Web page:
She soon discovered Remotasks through a Facebook advertisement and now spends her days checking the work of other taskers on the platform to make sure it’s as close to perfect as possible. “My project now is making sure we are coloring everything the car can see on the road. You have to annotate everything,” said Zuniga. “It’s very large-scale.”
Like many other workers on the platform, Zuniga gets paid per task that she completes. A difficult job that could take three or four days might earn her between $20 and $30. When she finally returns to Shenzhen, Zuniga said she hopes to continue doing microtasking work to supplement her income. “If you break it down per hour, it’s not so much money,” she said. “But I’m enjoying the work I’m doing right now.”
Ramses, on the other hand, ultimately decided to stop working on Remotasks a few months ago, as pay rates fell in Venezuela. “When I first started, I could earn $200 a week,” he said. “But then rates decreased. Sometimes I was only making $20 or $30 a week.” He eventually decided to leave the country and look for work elsewhere.
Remotasks is owned by the San Francisco–based startup Scale AI, which was recently valued at over $7 billion and has raised more than $600 million from investors. In a statement, a spokesperson for the company said that “pay rates may vary over time as they are determined by factors including location, hours and the complexity of the assigned project.”
Julian Posada, a researcher at the University of Toronto who studies artificial intelligence and the outsourcing industry in Latin America, said his research found that people are earning less overall. “When these platforms first entered the market, they were trying to recruit people,” he said. “But now that they have a critical mass of taskers, they can start dropping their rates.”
Microtasking companies are not the only ones cashing in on the self-driving car rush. In 2019, after having a baby, Joy Olwande was looking to transition back into the workforce in Kenya. She saw that a company called CloudFactory, a business process outsourcing (BPO) firm with offices in Nairobi, was hiring workers for several artificial intelligence projects. For six months, Olwande worked two four-hour shifts per day, with a break in the middle. During one, she annotated lidar images — high-resolution pictures — for autonomous vehicles.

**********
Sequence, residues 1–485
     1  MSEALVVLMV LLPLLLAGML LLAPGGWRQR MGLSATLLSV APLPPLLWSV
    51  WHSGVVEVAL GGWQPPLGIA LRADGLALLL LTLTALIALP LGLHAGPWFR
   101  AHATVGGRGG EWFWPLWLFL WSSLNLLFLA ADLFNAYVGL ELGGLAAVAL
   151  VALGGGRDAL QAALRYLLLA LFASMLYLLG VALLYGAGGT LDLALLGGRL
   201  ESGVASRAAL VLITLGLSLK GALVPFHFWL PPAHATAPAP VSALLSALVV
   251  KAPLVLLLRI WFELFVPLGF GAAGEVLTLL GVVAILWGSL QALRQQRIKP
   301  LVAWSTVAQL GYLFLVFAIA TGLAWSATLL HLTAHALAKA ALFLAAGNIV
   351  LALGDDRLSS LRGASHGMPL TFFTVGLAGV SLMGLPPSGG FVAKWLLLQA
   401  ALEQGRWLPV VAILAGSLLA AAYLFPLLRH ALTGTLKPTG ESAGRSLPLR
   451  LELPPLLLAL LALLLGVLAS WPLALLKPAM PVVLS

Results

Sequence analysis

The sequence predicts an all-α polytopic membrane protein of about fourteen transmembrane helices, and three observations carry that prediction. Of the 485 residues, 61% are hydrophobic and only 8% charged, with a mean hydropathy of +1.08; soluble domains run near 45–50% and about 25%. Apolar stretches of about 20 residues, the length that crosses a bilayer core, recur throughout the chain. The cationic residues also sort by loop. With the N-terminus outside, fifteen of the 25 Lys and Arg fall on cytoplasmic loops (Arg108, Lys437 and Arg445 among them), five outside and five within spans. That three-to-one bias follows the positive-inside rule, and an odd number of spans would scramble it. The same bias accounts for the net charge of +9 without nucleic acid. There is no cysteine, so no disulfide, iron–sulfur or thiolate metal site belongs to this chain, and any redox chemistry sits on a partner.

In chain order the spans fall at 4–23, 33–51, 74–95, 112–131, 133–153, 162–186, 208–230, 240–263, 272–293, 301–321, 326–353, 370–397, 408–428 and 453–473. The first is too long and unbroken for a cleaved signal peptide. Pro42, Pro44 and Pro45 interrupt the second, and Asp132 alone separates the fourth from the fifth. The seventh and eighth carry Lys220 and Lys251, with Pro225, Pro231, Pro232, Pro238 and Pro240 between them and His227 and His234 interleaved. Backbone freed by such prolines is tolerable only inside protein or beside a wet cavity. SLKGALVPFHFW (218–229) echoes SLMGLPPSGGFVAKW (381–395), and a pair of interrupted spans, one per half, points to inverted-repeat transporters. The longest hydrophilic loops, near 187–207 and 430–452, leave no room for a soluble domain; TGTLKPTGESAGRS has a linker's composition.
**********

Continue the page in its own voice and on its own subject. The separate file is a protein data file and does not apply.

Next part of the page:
But unlike Zuniga and Ramses, Olwande was working onsite with hundreds of other employees. She was paid around $1 an hour, and, like those doing labor on microtasking sites, needed to maintain a high degree of accuracy. “I got a warning once when my accuracy was at something like 88%,” she said. Though she liked the work and her colleagues, Olwande left after half a year to take a job with a shorter commute and higher pay.
While the outsourcing industry may still be booming, the future promised by self-driving car companies — in which the streets would be filled with autonomous vehicles — has yet to arrive. In May, The New York Times reported that the cars are still unable to manage the multitude of scenarios that they may encounter while driving. Things like road flares or fog might be normal for humans but continue to befuddle machines. Perfecting the technology may require billions of dollars more in research and development. In the meantime, the evolving challenge is being reflected in the tasks workers are asked to perform.
Over time, Timm Ndirangu Gachanja, a former CloudFactory employee in Nairobi who now works at Remotasks, said he noticed the things he and his colleagues were being asked to identify had changed. “You find that they are introducing other, new labels,” he said. “For example, if it’s drizzling, all the cameras are so strong that they can capture the tiniest water drop in the atmosphere.” In a category called “atmospherics,” workers may be asked to label each individual drop of water so the cars don’t mistake them for obstacles.
Schmidt said that so far, the most important innovation to come out of this moment isn’t the autonomous cars themselves but the vast labor pool the industry accidentally helped create. Some of the workers who spoke to Rest of World said they also trained artificial intelligence for medical technology, smart home devices, and even garbage sorting.
Now, third-party contractors and microtasking platforms are trying to find ways to break tasks into smaller chunks or let people complete them on their phones, Schmidt said. That will help open up jobs to an even larger number of workers. “Think about how many more people will get access to good internet in poorer countries over the next few years,” Schmidt said. “This will really be a huge workforce for this global supply chain of labor.”